By Michael A. Monahan, President and CEO, Moxē Integrated Marketing
When a crane came down atop a partially finished parking garage in Orlando recently, sending one worker to the hospital, every marketing expert, public relations person and senior executive working in the construction industry should have asked themselves one question: Does my organization have a proper crisis communications plan in place, updated and detailed enough to handle such a situation? More importantly, they should have asked themselves if they were well-equipped enough to execute it like clockwork, along with key leaders and any other team members assigned a role in the plan.
If your organization ever faces a crisis, keep in mind that this turn of events will likely involve three main parts: incident, response and recovery.
Nearly all crises impact at least one of the three “P’s”: people, property and processes. Whether it be environmental health or safety concerns, financial matters, personnel and organizational changes, technology issues or even natural disasters, it is vital to any organization to have a plan in place to properly weather the storm. In my experience, the most simple and effective way to approach this plan is by taking a five-step course of action:
1 – Prepare Before a Crisis
Effective crisis management starts before any crisis occurs. What could go wrong? Do you have a plan? Who is involved? Who are the stakeholders? How do you quickly and effectively assemble clear, articulate messaging? How can you ensure that your messaging discloses the appropriate information to the appropriate audience at the appropriate time? All these questions should be answered in detail prior to any potential emergency.
2 – Identify Your Spokespeople in Advance and Be Sure They Are Media Trained
Your chief executive should almost always be your key spokesperson in times of crisis. The company’s reputation falls on their shoulders. This person should also work collaboratively with their public relations team to ensure thoughtful and consistent messaging. Of equal importance is ensuring that executives who are approved to speak to the media are sufficiently media-trained and updated on key talking points regarding the crisis at hand as well as any crucial industry, legal or other stipulations. This is something that you can accomplish through annual training sessions.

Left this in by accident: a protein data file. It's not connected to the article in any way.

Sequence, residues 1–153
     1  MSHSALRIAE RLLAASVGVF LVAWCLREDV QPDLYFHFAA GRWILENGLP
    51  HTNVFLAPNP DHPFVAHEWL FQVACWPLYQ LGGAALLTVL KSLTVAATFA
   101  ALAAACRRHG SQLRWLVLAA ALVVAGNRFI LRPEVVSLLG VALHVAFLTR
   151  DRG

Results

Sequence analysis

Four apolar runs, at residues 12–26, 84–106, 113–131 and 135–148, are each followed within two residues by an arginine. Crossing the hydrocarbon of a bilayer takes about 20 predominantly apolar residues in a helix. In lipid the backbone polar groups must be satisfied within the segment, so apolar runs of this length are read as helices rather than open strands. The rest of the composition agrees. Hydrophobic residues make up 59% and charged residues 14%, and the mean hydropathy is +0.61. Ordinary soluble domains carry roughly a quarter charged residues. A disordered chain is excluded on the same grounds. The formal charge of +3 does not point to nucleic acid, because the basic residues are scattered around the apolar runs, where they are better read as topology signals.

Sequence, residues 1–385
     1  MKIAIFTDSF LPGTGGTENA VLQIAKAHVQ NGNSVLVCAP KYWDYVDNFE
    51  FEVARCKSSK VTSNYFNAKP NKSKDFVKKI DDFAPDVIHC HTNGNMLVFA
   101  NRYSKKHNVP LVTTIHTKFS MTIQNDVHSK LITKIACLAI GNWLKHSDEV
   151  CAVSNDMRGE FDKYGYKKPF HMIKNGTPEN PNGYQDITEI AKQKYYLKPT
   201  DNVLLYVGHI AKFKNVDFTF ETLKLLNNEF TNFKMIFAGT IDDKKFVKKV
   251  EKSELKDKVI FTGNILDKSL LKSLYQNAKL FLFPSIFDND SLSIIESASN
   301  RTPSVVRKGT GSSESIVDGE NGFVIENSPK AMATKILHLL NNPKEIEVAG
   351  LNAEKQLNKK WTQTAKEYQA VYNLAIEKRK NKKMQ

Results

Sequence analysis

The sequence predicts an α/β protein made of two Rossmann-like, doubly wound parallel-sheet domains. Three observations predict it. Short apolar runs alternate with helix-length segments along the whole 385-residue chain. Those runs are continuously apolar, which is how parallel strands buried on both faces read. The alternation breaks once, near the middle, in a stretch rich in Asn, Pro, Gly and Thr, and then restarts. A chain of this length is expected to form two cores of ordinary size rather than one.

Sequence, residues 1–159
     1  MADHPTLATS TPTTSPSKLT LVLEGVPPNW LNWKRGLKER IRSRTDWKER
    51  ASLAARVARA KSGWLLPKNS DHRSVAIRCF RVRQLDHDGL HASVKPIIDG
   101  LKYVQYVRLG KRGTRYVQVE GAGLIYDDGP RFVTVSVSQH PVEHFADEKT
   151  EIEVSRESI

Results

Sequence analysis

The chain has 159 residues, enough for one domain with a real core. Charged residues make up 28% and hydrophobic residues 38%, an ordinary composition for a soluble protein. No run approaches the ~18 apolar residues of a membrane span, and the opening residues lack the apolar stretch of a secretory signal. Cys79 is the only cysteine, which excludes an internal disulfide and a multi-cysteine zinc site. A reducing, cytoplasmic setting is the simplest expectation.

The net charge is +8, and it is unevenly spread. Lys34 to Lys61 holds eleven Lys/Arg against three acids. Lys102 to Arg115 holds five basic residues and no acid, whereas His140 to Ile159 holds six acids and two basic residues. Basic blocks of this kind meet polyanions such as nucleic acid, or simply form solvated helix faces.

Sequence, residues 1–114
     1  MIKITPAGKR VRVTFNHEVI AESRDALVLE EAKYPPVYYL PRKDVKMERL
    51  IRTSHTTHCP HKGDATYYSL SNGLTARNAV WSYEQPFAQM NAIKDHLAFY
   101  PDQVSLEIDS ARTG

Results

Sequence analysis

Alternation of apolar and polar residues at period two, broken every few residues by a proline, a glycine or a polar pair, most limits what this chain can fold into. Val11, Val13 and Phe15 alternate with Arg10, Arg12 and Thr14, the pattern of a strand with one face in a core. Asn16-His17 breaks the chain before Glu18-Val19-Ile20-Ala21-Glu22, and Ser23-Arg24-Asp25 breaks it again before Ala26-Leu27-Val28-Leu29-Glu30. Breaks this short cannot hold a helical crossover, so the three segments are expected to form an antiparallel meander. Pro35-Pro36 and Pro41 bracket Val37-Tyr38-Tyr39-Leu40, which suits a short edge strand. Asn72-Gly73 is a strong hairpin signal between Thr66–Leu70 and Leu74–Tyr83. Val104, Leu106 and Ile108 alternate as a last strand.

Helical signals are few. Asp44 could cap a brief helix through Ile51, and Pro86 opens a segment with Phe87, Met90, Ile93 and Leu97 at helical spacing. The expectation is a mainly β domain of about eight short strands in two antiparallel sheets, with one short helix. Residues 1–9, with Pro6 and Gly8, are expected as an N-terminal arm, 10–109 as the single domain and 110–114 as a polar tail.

3 – Work in a Time-Sensitive Fashion
Today, the window of opportunity to fully control the message is extremely short. Virtually everyone can access anything at any time with the press of a button. You’ll want to quickly assess the “5 W’s” – who, what, when, where, and why – to ensure you’ve covered all bases in that brief period. Working quickly, while still accurately and ethically, prevents outside narratives from gaining traction.
4 – “Triage” Your Crisis
Not all crises are created equal. According to the Orlando Sentinel, the Orlando crane collapse resulted in emergency responders evaluating “close to a dozen” people, with only one requiring hospital treatment. What if the incident resulted in multiple hospitalizations or even multiple casualties? Assess which issues need the most time and attention and act accordingly.
5 – Consider Utilizing Social Media
During a crisis, social media can amplify the noise your company is facing, but it also can be a tool for you to deliver your message directly to your followers without the filter of traditional media.
Acting now can not only prevent crises from damaging your reputation, but it can even prevent crises before they happen. When they do occur, remember the Page Principles from the Arthur W. Page Society, a national association of chief communications officers:
● Tell the truth
● Prove it with action
● Listen to stakeholders
● Manage for tomorrow
● Conduct public relations as if the whole enterprise depends on it
● Realize an enterprise’s true character is expressed by its people
● Remain calm, patient and good-humored
Michael A. Monahan is president and CEO of Moxē Integrated Marketing, Central Florida’s only integrated marketing agency focused on the building, construction, contracting and property services industries.